TOURISTS travel in their thousands to Robben Island, mostly to visit the cell where Nelson Mandela spent 18 years of his life. Few of them know about or are interested in the cottage some distance away from there where Robert Sobukwe was held in solitary confinement.
The house stands alone, separate from the rest of the prison complex, far from all the other political prisoners. It is a cold, barren, pale yellow cottage surrounded by a wire fence. When you step inside, the tremendous effect of the isolation strikes you. Sobukwe had no one to talk to. No one ever smiled at him. He could only watch and wave to the other prisoners as they walked to the quarry to work in the sun – something that would affect their sight for the rest of their lives. But he couldn't call out to anyone to come and chat. He had only his own thoughts for company.
As you look around the bare house, you understand the psychology behind it all: it was meant to break Sobukwe, mentally and physically; the apartheid state wanted to destroy him and make him forget he was once a dynamic leader with followers who hung on his every word and blindly followed his call in March 1960 to ignore the laws that required black people to carry a pass — the despised dompas.
The interior reinforces the sense of an intense psychological war waged against Sobukwe: there is only a single bed, an FM radio, a desk overlooking the desolate backyard of a prison, and an iron. It was a combination of cruelty and the naked abuse of power that kept this brilliant leader imprisoned in such a wretched place for six years.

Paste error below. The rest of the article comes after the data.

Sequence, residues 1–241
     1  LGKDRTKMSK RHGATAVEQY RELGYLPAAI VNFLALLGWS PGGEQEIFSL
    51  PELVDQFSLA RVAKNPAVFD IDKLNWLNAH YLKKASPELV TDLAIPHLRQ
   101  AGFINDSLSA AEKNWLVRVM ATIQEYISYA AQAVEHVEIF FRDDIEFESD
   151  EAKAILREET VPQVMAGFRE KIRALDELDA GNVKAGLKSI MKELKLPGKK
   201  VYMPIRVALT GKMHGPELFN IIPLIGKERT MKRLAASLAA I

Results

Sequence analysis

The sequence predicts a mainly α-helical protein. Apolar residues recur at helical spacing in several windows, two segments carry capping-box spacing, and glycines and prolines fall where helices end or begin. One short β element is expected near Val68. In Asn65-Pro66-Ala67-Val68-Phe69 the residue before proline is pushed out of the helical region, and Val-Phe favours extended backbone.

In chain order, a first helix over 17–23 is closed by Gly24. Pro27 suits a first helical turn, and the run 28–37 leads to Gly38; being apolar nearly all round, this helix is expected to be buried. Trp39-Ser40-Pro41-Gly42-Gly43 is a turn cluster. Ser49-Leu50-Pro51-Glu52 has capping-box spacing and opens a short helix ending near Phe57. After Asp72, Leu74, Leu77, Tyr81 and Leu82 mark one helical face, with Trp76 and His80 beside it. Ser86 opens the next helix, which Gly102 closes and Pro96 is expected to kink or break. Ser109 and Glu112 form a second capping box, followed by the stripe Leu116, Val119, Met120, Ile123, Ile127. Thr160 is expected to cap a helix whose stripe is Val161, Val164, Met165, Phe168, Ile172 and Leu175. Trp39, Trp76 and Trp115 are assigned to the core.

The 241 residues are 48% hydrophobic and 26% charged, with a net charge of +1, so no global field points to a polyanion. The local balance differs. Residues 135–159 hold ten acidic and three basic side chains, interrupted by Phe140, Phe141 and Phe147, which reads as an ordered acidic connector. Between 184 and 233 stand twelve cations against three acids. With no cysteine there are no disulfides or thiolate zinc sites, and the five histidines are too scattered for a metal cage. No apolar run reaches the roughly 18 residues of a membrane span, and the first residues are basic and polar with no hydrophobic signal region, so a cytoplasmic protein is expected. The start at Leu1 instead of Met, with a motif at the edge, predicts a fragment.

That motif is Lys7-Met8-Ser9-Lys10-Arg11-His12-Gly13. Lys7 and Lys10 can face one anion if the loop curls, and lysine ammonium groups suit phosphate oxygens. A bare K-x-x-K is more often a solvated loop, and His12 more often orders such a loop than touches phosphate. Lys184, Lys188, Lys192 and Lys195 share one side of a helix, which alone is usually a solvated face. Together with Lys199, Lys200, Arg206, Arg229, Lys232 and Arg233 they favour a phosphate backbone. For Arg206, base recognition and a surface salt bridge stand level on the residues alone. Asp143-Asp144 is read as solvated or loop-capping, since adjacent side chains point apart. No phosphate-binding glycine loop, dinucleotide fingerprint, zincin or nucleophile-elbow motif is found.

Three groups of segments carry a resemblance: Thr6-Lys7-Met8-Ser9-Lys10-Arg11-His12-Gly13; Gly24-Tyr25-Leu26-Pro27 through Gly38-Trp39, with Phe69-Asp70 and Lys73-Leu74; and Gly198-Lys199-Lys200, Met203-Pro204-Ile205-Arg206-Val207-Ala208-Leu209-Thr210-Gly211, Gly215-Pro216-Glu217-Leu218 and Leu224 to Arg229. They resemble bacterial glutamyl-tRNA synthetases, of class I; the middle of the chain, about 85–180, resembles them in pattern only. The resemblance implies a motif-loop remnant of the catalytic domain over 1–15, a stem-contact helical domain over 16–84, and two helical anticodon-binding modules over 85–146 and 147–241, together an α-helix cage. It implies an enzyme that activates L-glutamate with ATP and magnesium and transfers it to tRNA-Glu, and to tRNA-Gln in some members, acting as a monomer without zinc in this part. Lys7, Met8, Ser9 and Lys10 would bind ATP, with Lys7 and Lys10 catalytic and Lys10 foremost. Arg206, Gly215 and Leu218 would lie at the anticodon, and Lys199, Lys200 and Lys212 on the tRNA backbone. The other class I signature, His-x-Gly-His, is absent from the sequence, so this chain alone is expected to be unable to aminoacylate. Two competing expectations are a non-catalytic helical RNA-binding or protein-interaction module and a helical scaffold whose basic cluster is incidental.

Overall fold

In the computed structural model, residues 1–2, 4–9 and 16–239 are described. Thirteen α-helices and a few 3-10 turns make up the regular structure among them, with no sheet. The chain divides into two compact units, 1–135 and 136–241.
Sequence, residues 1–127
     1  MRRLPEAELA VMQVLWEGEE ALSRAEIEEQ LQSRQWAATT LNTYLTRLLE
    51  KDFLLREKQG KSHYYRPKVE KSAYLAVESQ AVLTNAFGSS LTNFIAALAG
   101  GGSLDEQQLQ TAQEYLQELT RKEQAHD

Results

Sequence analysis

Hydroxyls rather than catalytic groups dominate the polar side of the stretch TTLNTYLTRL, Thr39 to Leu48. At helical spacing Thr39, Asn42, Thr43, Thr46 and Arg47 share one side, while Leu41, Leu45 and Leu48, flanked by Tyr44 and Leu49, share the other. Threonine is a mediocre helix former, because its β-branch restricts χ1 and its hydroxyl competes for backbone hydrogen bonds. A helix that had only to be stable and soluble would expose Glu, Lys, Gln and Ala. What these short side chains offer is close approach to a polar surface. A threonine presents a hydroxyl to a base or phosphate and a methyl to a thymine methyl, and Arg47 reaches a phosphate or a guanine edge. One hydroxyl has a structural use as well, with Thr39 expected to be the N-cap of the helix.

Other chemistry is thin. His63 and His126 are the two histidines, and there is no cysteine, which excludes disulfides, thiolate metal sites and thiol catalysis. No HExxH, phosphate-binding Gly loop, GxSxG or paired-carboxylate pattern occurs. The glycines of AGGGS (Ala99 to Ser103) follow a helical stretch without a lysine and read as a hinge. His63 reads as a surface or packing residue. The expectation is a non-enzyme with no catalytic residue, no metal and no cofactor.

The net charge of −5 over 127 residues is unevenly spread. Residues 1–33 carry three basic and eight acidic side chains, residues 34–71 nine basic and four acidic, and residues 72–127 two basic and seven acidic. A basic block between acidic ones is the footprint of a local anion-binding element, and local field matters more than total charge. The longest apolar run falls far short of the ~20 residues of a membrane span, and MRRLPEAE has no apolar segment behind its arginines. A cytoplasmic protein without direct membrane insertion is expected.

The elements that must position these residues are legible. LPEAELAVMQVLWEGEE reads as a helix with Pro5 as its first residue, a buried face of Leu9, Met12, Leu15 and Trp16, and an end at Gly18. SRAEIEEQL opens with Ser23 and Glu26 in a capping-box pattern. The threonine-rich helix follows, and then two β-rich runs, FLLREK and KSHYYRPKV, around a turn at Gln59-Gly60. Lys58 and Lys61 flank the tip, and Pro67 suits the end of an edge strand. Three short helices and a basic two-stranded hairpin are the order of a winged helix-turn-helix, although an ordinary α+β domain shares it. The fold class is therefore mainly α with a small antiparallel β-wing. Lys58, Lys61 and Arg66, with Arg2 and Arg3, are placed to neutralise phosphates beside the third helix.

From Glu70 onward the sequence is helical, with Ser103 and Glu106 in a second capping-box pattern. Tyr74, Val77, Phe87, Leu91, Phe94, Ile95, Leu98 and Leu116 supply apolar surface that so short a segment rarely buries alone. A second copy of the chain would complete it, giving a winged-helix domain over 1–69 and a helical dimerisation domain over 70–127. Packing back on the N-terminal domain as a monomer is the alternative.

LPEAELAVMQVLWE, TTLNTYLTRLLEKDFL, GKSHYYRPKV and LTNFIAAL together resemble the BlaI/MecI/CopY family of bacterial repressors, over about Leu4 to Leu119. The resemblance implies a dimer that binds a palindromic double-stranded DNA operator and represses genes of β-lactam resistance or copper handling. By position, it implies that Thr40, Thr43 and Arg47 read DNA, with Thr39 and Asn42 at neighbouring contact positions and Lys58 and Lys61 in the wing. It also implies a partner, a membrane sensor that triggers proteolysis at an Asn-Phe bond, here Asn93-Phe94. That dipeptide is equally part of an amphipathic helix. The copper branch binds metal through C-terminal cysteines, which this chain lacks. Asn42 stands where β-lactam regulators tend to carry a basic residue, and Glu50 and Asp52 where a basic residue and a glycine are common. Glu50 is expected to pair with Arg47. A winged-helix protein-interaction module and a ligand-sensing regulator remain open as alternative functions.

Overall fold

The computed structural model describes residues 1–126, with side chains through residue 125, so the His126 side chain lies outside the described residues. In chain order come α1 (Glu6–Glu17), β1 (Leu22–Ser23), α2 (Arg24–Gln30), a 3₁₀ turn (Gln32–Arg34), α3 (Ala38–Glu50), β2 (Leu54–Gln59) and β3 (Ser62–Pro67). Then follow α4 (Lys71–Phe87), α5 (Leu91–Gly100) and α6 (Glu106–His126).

Near the house there is another bare, gloomy building. Inside are four single beds neatly arranged in a row, a painful reminder that Sobukwe's children slept here when they visited. They had to obtain permission and cross Table Bay on the ferry from Cape Town harbour. As Sobukwe's wife, Zondeni, later testified before the Truth and Reconciliation Commission (TRC), these visits were traumatic for the children.
The leaders of the National Party and the apartheid state's security structures were reportedly afraid of Sobukwe's influence and his emphasis on African nationalism. And yet, the one quote for which he is surely best known is now embodied in the spirit of our constitution: “There is no race but the human race."
Sobukwe was born in Graaff-Reinet in 1924, the son of a woodcutter and a kitchen worker. He studied at Fort Hare with a loan from the Bantu Welfare Trust, became interested in politics and joined the ANC, becoming the chairman of the student council in 1949. In 1950, he started working as a teacher in Standerton but in 1954 he moved to Johannesburg and became a lecturer at Wits, acquiring the nickname “Prof".
In 1957, he became the editor of The Africanist and began criticising the ANC for the influential role played in the organisation by white leftists, liberals and communists. Sobukwe was an Africanist. He could not identify with the Freedom Charter, adopted in Kliptown in 1955, which became the ANC's foundational document. According to his friend and biographer Benjamin Pogrund, Sobukwe was a natural leader, a gifted speaker and a deep thinker.
Establishment of the PAC
In 1958, Sobukwe broke away from the ANC and a year later founded the Pan Africanist Congress (PAC). He was unanimously elected as the first president. The humiliating pass laws that restricted the movements of black South Africans and curtailed their participation in the economy were among Sobukwe's top priorities.
Shortly after the ANC announced a campaign against the pass laws in December 1959, the PAC launched its own campaign. On March 16, 1960, the PAC wrote to the police commissioner stating its intention to launch a peaceful campaign against the pass laws on March 21. On that day, Sobukwe led a march to the police station in Orlando, Soweto, and was arrested and charged with sedition.